Low Blood Sugar – How is it diagnosed?

The first inclination to screen for hypoglycemia is the manifestation of outward clinical signs. The brain requires glucose for normal day-to-day and essential life functions. Without it, patients develop various abnormalities, including:

  • Lethargy
  • Pacing
  • Shaking/Trembling
  • Restlessness
  • Altered personality (e.g.: dullness, sleepiness)
  • Unsteady walking (called ataxia)
  • Visual impairment, including blindness
  • Seizures
  • Vomiting
  • Reduced (or loss of) appetite
  • Panting
  • Elevated respiratory rate
  • Diarrhea
  • Inappropriate urination

Documenting hypoglycemia in dogs and cats is quite simple. A veterinary healthcare team member will collect a small blood sample from a patient.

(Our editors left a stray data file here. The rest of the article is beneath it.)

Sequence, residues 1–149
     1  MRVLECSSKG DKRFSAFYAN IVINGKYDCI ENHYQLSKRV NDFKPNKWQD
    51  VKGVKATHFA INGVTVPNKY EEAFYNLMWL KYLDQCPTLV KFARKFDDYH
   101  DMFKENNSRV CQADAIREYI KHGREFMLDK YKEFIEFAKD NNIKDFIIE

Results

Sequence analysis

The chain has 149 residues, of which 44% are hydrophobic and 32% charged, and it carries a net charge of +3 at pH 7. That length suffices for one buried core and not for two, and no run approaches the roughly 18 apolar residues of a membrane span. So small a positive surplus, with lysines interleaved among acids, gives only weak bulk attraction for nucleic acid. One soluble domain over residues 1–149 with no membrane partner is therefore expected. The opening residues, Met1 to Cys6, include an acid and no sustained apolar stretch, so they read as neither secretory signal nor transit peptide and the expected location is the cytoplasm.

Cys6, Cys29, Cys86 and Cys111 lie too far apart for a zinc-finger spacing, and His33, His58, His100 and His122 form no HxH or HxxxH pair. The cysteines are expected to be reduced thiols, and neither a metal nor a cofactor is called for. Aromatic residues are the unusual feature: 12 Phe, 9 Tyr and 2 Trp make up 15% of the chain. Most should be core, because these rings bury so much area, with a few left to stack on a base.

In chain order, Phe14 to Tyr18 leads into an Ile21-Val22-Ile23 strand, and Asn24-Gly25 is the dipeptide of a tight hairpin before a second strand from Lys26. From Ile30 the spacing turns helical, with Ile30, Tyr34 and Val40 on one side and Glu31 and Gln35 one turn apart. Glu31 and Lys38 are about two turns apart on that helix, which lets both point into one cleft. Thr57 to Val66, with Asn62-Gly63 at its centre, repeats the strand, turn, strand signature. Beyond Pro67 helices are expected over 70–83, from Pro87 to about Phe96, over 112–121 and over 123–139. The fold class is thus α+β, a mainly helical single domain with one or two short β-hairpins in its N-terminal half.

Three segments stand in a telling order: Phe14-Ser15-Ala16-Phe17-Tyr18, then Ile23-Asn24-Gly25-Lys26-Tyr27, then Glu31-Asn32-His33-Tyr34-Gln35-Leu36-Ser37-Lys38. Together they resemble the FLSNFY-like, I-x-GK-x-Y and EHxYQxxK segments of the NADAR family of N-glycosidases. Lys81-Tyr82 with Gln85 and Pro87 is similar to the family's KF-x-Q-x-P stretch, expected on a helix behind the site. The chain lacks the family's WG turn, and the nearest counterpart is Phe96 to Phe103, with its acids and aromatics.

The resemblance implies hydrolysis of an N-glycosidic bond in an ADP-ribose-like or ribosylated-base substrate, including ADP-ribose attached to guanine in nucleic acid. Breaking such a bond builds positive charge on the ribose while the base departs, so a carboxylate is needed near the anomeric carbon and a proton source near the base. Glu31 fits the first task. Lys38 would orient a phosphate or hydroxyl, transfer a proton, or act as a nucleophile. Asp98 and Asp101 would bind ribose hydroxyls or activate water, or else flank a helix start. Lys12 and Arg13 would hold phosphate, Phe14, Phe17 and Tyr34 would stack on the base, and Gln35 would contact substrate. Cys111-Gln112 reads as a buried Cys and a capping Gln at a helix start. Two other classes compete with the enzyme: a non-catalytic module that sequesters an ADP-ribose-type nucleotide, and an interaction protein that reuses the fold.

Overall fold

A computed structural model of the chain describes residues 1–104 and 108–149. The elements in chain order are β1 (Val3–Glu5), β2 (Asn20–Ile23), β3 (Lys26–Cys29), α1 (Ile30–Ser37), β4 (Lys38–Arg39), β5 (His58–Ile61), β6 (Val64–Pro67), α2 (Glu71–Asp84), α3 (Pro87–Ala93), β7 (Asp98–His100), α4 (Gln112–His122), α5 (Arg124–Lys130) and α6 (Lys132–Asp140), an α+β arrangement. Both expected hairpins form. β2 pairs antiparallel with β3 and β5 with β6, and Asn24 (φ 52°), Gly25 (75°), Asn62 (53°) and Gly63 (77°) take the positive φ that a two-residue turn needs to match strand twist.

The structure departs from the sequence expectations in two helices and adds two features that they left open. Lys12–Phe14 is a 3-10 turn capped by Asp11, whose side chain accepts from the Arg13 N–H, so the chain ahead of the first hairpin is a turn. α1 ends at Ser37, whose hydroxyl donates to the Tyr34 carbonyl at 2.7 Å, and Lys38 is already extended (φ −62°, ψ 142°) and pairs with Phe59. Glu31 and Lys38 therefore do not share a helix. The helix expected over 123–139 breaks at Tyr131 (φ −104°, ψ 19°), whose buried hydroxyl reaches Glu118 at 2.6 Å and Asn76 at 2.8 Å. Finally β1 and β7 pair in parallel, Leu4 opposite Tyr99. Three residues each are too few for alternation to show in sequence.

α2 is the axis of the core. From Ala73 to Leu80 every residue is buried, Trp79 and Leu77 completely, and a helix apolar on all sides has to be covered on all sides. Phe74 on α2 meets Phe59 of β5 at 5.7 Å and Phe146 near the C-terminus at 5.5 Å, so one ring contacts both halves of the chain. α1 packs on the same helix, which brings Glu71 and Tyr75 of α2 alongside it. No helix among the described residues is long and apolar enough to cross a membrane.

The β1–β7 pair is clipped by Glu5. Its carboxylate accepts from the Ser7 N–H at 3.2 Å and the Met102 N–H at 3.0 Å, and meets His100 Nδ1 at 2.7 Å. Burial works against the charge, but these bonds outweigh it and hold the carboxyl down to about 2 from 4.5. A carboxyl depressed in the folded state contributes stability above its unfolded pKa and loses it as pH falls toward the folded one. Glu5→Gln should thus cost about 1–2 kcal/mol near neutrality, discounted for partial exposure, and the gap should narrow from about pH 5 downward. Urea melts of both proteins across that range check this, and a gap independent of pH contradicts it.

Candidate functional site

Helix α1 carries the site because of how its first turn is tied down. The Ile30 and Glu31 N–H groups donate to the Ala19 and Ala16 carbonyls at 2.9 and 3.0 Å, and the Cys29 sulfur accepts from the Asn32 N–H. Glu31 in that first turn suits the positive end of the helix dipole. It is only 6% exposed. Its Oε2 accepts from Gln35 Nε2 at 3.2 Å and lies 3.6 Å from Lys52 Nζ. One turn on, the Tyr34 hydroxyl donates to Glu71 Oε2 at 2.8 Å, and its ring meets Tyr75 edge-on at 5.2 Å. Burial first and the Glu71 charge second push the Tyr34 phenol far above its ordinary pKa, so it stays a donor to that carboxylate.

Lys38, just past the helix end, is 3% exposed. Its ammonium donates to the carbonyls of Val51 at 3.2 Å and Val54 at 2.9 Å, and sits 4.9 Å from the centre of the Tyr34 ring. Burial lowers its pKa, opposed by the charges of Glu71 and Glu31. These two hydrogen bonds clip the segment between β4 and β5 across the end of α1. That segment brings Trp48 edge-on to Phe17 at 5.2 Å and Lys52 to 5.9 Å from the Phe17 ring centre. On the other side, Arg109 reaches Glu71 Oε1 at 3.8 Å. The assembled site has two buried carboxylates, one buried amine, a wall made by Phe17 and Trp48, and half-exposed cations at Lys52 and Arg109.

Small handheld glucose meters called glucometers can be used to obtain blood glucose readings within seconds. Picture here is the AlphaTrak2 that is specifically designed for use in dogs and cats.


This is a minimally invasive test, and results are often available within seconds. Hypoglycemia is defined as <60 mg/dL (3.3 mmol/L). However, most patients do not develop clinical signs of hypoglycemia until blood sugar levels drop below 50 mg/dL (2.8 mmol/L). Once hypoglycemia has been identified and confirmed, a complete diagnostic investigation to determine the definitive cause is needed. Partnering with a board-certified veterinary internal medicine specialist or emergency/critical care specialist can be invaluable to develop an efficient and cost-effective diagnostic plan for your fur baby.

Low Blood Sugar – How is it treated?

Treatment for low blood sugar typically occurs in two stages:

  1. Immediate correct of hypoglycemia
  2. Identification and treatment of the underlying cause